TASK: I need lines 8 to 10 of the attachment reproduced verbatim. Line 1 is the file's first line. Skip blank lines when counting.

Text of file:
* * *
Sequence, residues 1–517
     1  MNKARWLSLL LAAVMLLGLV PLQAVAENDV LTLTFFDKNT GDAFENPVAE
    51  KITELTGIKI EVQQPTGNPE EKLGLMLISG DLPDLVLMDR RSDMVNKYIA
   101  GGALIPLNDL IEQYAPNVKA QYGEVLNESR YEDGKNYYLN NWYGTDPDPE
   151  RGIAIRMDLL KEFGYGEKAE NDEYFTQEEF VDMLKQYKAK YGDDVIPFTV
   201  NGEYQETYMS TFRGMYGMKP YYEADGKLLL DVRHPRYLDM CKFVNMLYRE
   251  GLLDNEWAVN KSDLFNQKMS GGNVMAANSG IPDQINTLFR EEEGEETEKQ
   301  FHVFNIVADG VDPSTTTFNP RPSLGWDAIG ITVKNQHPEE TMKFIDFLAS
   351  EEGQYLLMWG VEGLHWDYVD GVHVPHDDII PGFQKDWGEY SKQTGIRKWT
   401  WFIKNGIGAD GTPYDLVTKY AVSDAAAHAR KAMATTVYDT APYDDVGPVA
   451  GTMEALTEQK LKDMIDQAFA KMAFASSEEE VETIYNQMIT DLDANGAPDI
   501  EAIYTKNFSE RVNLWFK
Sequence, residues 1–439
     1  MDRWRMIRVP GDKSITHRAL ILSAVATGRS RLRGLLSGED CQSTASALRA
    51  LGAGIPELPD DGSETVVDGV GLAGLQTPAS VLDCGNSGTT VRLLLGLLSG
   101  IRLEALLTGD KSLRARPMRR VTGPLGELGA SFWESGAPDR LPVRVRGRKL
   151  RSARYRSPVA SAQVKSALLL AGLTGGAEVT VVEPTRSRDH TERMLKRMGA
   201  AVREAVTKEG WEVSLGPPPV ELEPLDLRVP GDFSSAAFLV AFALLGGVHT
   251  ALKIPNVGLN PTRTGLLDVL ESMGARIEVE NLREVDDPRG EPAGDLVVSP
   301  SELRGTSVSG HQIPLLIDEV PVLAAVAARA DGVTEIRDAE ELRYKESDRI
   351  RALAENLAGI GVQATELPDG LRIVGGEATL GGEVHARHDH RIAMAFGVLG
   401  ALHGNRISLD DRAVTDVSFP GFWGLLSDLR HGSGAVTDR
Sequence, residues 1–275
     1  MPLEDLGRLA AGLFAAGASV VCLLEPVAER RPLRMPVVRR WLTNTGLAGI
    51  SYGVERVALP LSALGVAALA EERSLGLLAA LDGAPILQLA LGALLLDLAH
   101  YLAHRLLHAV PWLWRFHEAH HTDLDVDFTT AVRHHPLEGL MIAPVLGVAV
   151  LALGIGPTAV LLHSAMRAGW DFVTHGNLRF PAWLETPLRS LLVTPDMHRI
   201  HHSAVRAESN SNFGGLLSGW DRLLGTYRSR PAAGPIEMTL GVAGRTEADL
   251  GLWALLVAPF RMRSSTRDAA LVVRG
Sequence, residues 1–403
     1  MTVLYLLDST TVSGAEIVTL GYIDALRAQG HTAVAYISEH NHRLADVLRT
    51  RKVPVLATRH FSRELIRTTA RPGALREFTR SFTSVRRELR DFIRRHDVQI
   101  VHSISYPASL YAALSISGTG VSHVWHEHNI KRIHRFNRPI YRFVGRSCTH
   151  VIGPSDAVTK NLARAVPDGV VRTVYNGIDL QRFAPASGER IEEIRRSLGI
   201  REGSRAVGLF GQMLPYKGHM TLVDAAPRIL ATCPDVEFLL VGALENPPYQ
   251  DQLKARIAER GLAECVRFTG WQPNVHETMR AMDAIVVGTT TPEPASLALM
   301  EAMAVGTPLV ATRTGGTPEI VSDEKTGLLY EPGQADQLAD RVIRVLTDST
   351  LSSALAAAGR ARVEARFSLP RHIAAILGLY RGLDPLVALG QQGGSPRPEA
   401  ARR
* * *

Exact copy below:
   301  FHVFNIVADG VDPSTTTFNP RPSLGWDAIG ITVKNQHPEE TMKFIDFLAS
   351  EEGQYLLMWG VEGLHWDYVD GVHVPHDDII PGFQKDWGEY SKQTGIRKWT
   401  WFIKNGIGAD GTPYDLVTKY AVSDAAAHAR KAMATTVYDT APYDDVGPVA